Once opened, I like the screen, its colors are 13.4” screen looks good. Its colors are bright and vibrant, brought out by the glossy screen. The keyboard looks good with large un-crowded keys. Unfortunately they also have a problem. The whole keyboard flexes alarmingly. While unsettling, and in general adding to my impression of cheapness, it doesn’t actually interfere with typing. The keys are large, and have a satisfying amount of resistance, which makes up for the flex after the first few minutes of typing. The touchpad is acceptable, its smooth plastic finish is very usable and familiar, and the uni-piece button has a satisfying press and subtle click. The pad itself seems to be missing any scroll features though, no side scroll or 2-finger, it brings back fond memories of Windows 98 when I had to click and drag the scrollbar down.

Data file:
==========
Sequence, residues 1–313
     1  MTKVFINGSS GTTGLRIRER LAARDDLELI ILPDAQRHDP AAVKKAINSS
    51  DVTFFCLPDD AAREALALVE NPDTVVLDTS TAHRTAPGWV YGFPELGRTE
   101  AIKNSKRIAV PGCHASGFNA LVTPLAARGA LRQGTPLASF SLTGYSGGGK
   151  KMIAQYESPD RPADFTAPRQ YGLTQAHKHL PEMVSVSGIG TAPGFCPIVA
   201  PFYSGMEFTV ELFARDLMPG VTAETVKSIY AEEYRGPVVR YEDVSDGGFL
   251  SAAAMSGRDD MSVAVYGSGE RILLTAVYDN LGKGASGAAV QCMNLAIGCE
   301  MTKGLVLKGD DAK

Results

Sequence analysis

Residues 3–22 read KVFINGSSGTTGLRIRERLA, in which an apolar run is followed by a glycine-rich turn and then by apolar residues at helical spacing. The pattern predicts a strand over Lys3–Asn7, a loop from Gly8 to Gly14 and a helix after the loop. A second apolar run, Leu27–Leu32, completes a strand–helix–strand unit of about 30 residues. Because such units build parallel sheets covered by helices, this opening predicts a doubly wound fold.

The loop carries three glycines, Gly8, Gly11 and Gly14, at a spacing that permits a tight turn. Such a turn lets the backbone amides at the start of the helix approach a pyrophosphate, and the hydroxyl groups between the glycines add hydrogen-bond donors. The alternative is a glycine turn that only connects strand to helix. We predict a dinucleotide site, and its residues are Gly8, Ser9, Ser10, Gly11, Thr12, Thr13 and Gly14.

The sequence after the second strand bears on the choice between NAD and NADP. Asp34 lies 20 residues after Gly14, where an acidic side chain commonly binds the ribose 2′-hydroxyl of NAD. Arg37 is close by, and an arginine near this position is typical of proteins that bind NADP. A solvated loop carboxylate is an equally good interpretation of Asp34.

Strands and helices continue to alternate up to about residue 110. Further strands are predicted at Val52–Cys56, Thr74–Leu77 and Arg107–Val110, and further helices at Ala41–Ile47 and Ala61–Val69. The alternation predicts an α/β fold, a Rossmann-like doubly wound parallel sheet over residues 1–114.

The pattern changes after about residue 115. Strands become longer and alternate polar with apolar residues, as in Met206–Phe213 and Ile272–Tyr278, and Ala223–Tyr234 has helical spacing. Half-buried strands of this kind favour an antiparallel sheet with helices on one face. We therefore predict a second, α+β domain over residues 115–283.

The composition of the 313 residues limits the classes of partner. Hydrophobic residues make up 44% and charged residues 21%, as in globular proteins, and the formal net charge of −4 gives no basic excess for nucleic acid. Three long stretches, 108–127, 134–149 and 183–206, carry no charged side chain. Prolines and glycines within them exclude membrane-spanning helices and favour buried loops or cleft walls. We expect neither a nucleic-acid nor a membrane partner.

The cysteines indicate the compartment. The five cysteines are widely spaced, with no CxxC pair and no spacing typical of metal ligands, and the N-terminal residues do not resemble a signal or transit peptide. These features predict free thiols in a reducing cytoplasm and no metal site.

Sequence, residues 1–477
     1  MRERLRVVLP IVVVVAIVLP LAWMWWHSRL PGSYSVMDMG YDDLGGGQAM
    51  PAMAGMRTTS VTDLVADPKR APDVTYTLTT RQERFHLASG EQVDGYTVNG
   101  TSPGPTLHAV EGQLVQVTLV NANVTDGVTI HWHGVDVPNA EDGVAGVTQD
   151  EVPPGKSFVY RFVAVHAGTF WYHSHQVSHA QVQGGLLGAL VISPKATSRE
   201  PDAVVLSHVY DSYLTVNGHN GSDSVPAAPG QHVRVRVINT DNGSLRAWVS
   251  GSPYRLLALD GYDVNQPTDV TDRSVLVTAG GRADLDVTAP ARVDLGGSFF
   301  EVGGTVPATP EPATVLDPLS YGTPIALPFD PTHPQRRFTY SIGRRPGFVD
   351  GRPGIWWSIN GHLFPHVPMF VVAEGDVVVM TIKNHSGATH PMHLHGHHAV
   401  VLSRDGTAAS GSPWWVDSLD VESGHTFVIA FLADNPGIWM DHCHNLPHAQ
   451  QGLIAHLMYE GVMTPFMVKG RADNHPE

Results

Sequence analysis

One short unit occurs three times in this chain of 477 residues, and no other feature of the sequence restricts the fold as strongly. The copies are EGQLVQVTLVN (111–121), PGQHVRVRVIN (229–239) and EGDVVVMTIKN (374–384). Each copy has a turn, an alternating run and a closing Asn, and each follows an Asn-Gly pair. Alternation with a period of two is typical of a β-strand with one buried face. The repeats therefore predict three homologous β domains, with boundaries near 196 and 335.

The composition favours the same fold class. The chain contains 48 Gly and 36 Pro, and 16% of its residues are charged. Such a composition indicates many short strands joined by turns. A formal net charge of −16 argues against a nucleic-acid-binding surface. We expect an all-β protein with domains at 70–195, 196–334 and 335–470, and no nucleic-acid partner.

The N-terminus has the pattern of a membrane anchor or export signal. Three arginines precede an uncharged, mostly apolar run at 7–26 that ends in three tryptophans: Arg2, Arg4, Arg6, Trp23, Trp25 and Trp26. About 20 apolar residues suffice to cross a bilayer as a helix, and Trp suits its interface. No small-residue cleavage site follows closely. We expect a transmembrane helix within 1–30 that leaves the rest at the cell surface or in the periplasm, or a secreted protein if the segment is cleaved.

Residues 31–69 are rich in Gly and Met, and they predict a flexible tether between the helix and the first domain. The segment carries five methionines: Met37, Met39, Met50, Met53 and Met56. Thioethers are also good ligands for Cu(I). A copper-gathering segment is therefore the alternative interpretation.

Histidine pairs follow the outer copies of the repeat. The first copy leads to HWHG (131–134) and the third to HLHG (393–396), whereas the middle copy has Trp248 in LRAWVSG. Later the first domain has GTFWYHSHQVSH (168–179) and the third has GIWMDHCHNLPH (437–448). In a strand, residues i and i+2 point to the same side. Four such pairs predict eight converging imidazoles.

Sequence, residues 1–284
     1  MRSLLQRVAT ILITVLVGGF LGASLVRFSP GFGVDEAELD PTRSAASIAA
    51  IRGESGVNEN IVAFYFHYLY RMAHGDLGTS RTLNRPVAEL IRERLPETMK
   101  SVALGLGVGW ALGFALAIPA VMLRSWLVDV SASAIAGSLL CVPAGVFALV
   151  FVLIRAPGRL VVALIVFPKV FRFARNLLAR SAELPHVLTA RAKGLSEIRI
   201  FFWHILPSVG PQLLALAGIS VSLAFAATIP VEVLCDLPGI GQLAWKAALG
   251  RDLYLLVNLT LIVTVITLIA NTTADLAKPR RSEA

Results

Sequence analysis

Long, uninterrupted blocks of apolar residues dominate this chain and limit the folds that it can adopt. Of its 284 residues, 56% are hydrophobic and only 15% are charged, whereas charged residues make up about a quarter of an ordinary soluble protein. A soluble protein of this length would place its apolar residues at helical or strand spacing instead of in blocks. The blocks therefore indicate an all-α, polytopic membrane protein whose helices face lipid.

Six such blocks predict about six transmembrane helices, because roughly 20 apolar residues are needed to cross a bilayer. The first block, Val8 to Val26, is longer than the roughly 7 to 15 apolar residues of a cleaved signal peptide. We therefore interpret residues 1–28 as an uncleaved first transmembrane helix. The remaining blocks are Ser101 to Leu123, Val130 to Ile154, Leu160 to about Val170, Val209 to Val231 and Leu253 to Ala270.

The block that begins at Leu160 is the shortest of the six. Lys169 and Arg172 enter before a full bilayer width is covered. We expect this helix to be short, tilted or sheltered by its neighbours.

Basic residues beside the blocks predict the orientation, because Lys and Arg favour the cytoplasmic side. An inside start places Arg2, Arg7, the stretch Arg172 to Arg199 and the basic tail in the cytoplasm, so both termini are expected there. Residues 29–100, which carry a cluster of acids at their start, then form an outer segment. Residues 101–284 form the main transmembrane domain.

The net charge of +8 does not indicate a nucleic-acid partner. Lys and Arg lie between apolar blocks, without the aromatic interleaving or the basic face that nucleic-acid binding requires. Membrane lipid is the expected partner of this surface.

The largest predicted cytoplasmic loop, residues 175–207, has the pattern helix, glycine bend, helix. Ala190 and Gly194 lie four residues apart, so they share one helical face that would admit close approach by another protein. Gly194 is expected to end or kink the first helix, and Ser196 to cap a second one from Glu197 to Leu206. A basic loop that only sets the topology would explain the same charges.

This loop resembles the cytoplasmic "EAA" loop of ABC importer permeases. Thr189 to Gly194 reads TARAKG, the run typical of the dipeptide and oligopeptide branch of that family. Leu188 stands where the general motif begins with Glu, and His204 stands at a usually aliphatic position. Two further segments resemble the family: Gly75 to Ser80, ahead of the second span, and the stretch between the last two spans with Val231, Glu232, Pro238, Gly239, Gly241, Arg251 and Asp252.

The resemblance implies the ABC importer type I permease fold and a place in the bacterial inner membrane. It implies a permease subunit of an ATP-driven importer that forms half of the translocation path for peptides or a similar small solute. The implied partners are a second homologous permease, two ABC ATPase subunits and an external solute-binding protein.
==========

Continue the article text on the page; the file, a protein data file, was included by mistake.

On the hardware side, this laptop runs on a single core Intel Ultra Low Voltage processor, which along with a much better than netbook integrated Intel GPU means it benchmarked significantly higher than a netbook. Along with this comes higher power consumption, and when your keeping it as light as this (2.7 lb) that means short batter life. In our test it lasted 2:18. Honestly, despite its shortcomings, using this laptop was fine. It’s definitely quicker than a netbook, even running Vista. Its large screen and keyboard make it feasible as your main computer, while still maintaining great portability. The price is even pretty good, and if you are want a netbook supersize, they even make a model that runs on an Intel Atom.

Dell Adamo

Price $1,998
Screen Size 13.4-inches
Processor Intel U9400 1.4 ghz
Memory 4 GB
Benchmark 2010
Battery Life 3:07
USB 2 + 1 eSata/USB
Display out 1 Displayport
Keyboard Backlit, Large, good
Mouse Nice pad, bad buttons, side scroll
Bottom Line Amazingly slick, expensive. B+